At least one dielectric component 912 may then be formed by casting an ionomer dispersion in proximity to and in contact with the interface region(s) 918, and curing the ionomer dispersion sufficient to form a fluidically impermeable layer (see FIG. 9C). The ionomer dispersion may be cured using heat, pressure, or a combination thereof. The ionomer dispersion may be a PFSA copolymer, for example.
  • [0077]
    Coatings 902, 904, 906, 908 may then be disposed on the surfaces of the layer (see FIG. 9D). The coatings may be catalyst layers, for example. In the embodiment shown, coating 906 is disposed such that it is in contact with dielectric component 912, and in electrical contact with conductive component 911, but electrically isolated from conductive component 910, thereby electrically isolating adjacent electrochemical cells. Similarly, coating 904 is in contact with dielectric component 912, and in electrical contact with conductive component 910, but electrically isolated from conductive component 911.
  • [0078]
    Although not fully shown in FIG. 9, coating 902 may be in electrical contact with conductive component 910, and further in contact with an adjacent dielectric component (not shown), and further electrically isolated from a third conductive component (not shown). Similarly, coating 908 may be in electrical contact with conductive component 911, in contact with a different adjacent dielectric component (not shown), and further electrically isolated from a fourth conductive component (not shown).
  • [0079]
    The width, d, 920 of the insular break between coatings 902, 906, provides the electrical isolation between adjacent cells. In the embodiment shown, the thickness of the interface region is greater than the width, d, 920, plus whatever tolerance is needed by the manufacturing process used to dispose the coatings 902, 904, 906, 908 to ensure that electrical isolation is always maintained
  • [0080]
    The above description is intended to be illustrative, and not restrictive. For example, the above-described examples (or one or more features thereof) may be used in combination with each other. Other embodiments can be used, such as by one of ordinary skill in the art upon reviewing the above description. Also, in the above Detailed Description, various features may be grouped together to streamline the disclosure. This should not be interpreted as intending that an unclaimed disclosed feature is essential to any claim. Rather, inventive subject matter may lie in less than all features of a particular disclosed embodiment. In addition, while the majority of this patent document discusses fuel or reactant based fluid applications, the present systems and methods can be used for other fluid transfer applications in ways similar to those discussed herein. Thus, the following claims are hereby incorporated into the Detailed Description, with each claim standing on its own as a separate embodiment. The scope of the invention should be determined with reference to the appended claims, along with the full scope of equivalents to which such claims are entitled.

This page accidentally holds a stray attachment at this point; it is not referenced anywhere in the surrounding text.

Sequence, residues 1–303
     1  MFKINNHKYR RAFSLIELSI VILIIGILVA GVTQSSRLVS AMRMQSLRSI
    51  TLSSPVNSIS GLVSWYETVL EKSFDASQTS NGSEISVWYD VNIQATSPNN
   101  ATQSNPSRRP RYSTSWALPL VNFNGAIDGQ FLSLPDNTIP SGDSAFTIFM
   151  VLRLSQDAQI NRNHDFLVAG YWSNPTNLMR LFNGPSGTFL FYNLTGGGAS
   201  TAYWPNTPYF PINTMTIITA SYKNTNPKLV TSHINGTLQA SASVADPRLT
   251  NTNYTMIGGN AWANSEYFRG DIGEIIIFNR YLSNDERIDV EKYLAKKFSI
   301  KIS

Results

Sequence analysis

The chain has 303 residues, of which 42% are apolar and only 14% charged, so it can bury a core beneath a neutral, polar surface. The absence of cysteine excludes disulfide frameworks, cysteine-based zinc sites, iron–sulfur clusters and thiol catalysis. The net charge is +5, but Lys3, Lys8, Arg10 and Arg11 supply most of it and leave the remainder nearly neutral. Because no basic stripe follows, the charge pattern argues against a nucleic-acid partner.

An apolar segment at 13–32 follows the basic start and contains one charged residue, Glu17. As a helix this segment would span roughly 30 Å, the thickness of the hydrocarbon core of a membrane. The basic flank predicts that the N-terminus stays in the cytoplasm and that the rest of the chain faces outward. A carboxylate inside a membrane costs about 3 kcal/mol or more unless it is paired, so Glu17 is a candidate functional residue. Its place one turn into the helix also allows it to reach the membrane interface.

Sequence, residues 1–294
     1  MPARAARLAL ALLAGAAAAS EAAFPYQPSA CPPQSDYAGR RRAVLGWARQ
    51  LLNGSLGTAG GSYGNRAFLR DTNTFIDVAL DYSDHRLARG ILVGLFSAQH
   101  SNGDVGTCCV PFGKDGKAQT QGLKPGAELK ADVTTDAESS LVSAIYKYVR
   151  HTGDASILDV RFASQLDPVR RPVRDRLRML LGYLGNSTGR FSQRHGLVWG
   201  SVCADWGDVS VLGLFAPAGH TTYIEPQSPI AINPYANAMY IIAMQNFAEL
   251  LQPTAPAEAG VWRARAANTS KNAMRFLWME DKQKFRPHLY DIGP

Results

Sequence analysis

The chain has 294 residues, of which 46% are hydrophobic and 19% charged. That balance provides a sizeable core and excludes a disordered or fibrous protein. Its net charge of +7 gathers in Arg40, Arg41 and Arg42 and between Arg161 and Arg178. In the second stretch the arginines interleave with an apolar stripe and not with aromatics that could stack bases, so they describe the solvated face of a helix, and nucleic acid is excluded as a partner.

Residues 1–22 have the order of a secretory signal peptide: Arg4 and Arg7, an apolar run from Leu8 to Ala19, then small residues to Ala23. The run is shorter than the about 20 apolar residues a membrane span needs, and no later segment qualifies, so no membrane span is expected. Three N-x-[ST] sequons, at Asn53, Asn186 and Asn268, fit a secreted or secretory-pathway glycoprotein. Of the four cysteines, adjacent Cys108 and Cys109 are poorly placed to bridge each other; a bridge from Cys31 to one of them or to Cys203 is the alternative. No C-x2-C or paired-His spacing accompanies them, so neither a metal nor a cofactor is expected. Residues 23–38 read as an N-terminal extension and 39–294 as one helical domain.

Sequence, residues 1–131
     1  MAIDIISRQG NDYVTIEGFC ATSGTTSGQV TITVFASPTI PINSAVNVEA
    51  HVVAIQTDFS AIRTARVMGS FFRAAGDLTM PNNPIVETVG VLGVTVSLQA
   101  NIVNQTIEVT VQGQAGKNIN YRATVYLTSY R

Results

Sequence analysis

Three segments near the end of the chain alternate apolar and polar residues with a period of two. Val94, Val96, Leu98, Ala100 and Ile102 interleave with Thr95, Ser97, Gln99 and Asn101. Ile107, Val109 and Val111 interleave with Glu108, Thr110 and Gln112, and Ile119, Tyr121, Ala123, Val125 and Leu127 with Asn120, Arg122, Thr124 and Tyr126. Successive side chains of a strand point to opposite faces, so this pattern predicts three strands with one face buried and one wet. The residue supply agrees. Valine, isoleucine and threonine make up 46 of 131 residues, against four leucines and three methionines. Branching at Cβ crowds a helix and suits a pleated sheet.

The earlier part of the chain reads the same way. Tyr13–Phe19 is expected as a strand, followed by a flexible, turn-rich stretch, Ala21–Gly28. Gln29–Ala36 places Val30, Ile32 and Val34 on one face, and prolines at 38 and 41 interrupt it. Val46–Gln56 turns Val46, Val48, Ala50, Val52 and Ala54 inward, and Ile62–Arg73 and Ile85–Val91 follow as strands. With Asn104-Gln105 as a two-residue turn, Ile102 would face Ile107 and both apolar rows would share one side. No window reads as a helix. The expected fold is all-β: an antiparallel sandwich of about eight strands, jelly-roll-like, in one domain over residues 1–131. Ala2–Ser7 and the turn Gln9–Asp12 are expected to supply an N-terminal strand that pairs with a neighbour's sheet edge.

Claims (27)

1-30. (canceled)
31. An ion-conducting composite layer for an electrochemical cell, comprising:
two or more electrically conductive components, each electrically conductive component having one or more electrically conductive passageways;
one or more dielectric components, each dielectric component having one or more ion-conducting passageways;
one or more interface regions;
wherein the electrically conductive components and the dielectric components are adjacently arranged to provide a fluidically impermeable composite layer; and
wherein the interface regions are disposed between adjacent dielectric components and conductive components; and
wherein the interface regions are adapted to provide a bonding interface to promote adhesion between the dielectric components and the conductive components.
32. The ion-conducting composite layer of claim 31, wherein the composite layer is flexible.
33. The ion-conducting composite layer of claim 31, wherein each of the electrically conductive components comprise a first material and each of the dielectric components comprises a second material and wherein the first and second materials interact.
34. The ion-conducting composite layer of claim 33, wherein the first and second materials chemically interact.